[personal profile] littlereview
After this, and attendant commentary at the TrekBBS, I did get a few of these:

----- Original Message -----
From: [edited]
To: [edited]
Sent: Friday, April 22, 2005 6:36 PM
Subject: Too Far

Okay now you have pushed it. I have never written to you before but your last mail on trek today has made me very angry. Firstly you do put forward an overtly feminist viewpoint in your trek reviews and your coloumns, but I feel that is OK; after all everyone is entitled to their own viewpoint. However, for you to deny that in your coloumn smacks of hypocrisy. You are very feministic, it is going to wind people up, just as an overtly sexist comment would wind you up. Secondly, I work as a theatre actor, I spend much of my time in the company of homosexuals, yet being heterosexual myself. I do feel though, that you do bleat about the lack of homosexual characters in Trek far too much, I have seen you make endless references to this. Star Trek is meant to appeal to a broad spectrum of viewers, and across the world there are people who are uncomfortable with homosexuality, especially in America. I am British and live in the UK, but I see this attitude a lot, especially working in Theatre I have been accused of being gay several times myself by less cultured assholes. You have to accept that Trek is trying to aim at the common denominator, deal with it and get off the gay pride bandwagon. The main problem however, is your Hitler comment, comnparing a group of viewers and readers off your site to Nazis is unforgivable and completely out of order.

[edited]


But most of my mail this weekend was more along the lines of these notes:

----- Original Message -----
From: [edited]
To: [edited]
Sent: Friday, April 22, 2005 10:20 PM
Subject: You're latest article about mail from last week's review

I don't usually bother the mods with my opinion but I wanted to express my support to you for speaking your mind last week (and every week). As a male I also found the episode sexist, idiotic and poorly written. A lot of other words come to mind but you covered that pretty well already.

It's unfortunate that some are reacting negatively to your reviews as if you had some sort of sway over Trek itself. I agree that with many of your observations about the nature of sexuality in Trek. Reading and hearing GR and seeing some of his other films (try Pretty Maids all in a Row) he's a garden variety dirty old man who spent his adulthood wishing he was younger, hipper and getting as much as the teenagers in the sixties were getting. It's not enlightened, it's just fantasy.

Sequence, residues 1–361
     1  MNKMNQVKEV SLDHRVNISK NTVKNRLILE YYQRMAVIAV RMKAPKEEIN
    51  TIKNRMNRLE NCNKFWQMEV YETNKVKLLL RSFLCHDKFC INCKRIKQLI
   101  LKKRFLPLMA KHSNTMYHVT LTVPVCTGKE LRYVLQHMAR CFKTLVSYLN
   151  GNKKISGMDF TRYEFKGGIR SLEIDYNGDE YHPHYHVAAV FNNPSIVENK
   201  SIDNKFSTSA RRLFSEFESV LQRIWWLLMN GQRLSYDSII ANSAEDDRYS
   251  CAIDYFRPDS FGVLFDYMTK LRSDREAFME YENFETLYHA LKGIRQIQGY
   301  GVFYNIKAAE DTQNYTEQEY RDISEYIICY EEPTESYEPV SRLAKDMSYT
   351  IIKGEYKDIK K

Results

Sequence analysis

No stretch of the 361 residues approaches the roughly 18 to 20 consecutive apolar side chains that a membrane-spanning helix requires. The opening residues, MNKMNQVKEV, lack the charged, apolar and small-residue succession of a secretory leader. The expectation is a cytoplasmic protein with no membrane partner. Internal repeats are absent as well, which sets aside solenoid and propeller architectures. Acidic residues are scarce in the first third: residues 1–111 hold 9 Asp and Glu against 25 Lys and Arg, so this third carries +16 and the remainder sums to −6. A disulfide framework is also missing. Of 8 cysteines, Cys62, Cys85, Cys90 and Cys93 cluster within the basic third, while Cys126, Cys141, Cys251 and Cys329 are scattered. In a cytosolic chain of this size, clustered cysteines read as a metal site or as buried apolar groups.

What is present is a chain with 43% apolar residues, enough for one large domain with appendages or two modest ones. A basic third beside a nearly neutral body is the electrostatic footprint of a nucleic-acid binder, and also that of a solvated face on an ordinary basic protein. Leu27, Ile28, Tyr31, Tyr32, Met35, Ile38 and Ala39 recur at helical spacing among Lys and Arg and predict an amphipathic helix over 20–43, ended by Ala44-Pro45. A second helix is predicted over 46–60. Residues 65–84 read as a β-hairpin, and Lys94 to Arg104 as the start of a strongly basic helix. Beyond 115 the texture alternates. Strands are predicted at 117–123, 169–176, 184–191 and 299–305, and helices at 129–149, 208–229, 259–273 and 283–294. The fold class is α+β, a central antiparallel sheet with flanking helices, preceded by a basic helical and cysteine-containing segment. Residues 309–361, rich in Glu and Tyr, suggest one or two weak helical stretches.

Don't take it too hard, when you put it out there (as any writer willing to put their real name on it does) you run that risk and have to deal with it. I know how important support can be at those times too. So you have mine. I'll miss your reviews when ENT goes off the air, that was what brought me to this group/site in the first place.

[edited]

PS: I haven't read your review of 'Through a Mirror, Darkly Part 1' yet...but why did only the women have revealing uniforms? Isn't that just more sexism....



----- Original Message -----
From: [edited]
To: [edited]
Sent: Friday, April 22, 2005 9:17 PM
Subject: Review and Site Column

Thank you.

Thank you.

Thank you.

I have read most of your commentary pretty religiously over the last few years. I used to live in DC, have lots of Jewish friends, and, of course, watch the occasional bit of Star Trek. So, I always enjoy your stories, both on point and off, and like to see what's new with you.

I just got around to watching "Bound" last night, thanks to the wonder of Tivo. (I had just gotten a new season of DS9, so I was making my way through the discs, punctuated by the occasion CSI repeat...geek!) I was jaw-droppingly appalled by what I saw. Like you, I sat there and thought, "this is why Enterprise got cancelled."

I couldn't even hazzard a guess as to the number of times I rolled my eyes as the show played up one sexual stereotype after another. I watched the slave dance and pondered how far we've come as a society - in the 1960's, we got a few seconds of Susan Oliver waving her arms around. In 2005, we get even more blatant sexual stereotypes and several minutes of club-thumping music while we watch supposedly "evolved" males turn into apes.

No man could resist them.

Um, except, of course, me.

Oh yeah, that's right, I'm gay and I watch Star Trek. Is that allowed? I'm not sure.

I was stunned...shocked...saddened...outraged...and generally annoyed. A shipful of humans, with a token Vulcan and Cardassian (uh, Denobulan), suddenly drool on themselves because of "pheromones." I swear, the way Phlox was walking, I was prepared to learn that Denobulans have unusally long sexual members and it had extended down his pantleg so he couldn't bend his leg. Of course, none of the women could be bisexual or lesbian. They just got "headaches." And none of the men were bisexual, gay, or asexual...oh no, baby, those Orions can bring out the horny in any man!

Truly, I couldn't believe my eyes nor my ears. What had happened to our great progressive television? Why did it have to join the rest of our country in turning a blind eye to the realities we face today?

Star Trek has always been a beacon of hope. I remember when I first started watching the Original Series, in 1982. Suddenly, there was a world that made sense. People were different, but they worked together. They were all pretty smart, and they demanded a little more from a seven year old such as myself. As I got older, Star Trek grew up with me. The technicolor sets gave way to more mature ships and more mature subjects. Then, in 1987, I got my very own Star Trek series, and it was popular. I remember being shocked when I went from being the kookey kid who watched a silly sci-fi series to people asking, "so why doesn't the Enterprise have a cloaking device?" Then I got to college and they gave me Deep Space Nine - advanced Star Trek for grown-ups. Religion...political intrigue...an actual plot that lasted for more than one show...